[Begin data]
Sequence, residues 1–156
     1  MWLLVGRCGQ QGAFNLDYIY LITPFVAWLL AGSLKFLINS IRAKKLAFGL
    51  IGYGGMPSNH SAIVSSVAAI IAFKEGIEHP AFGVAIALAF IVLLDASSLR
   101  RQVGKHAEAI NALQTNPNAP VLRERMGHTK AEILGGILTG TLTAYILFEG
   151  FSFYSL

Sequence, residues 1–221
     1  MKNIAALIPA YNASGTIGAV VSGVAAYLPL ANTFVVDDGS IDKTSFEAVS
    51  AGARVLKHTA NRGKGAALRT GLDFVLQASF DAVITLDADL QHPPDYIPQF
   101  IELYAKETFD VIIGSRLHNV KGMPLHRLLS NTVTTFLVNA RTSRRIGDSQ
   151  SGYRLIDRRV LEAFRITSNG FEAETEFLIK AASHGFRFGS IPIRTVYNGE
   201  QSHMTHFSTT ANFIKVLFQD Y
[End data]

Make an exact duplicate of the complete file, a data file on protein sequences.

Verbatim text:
Sequence, residues 1–156
     1  MWLLVGRCGQ QGAFNLDYIY LITPFVAWLL AGSLKFLINS IRAKKLAFGL
    51  IGYGGMPSNH SAIVSSVAAI IAFKEGIEHP AFGVAIALAF IVLLDASSLR
   101  RQVGKHAEAI NALQTNPNAP VLRERMGHTK AEILGGILTG TLTAYILFEG
   151  FSFYSL

Sequence, residues 1–221
     1  MKNIAALIPA YNASGTIGAV VSGVAAYLPL ANTFVVDDGS IDKTSFEAVS
    51  AGARVLKHTA NRGKGAALRT GLDFVLQASF DAVITLDADL QHPPDYIPQF
   101  IELYAKETFD VIIGSRLHNV KGMPLHRLLS NTVTTFLVNA RTSRRIGDSQ
   151  SGYRLIDRRV LEAFRITSNG FEAETEFLIK AASHGFRFGS IPIRTVYNGE
   201  QSHMTHFSTT ANFIKVLFQD Y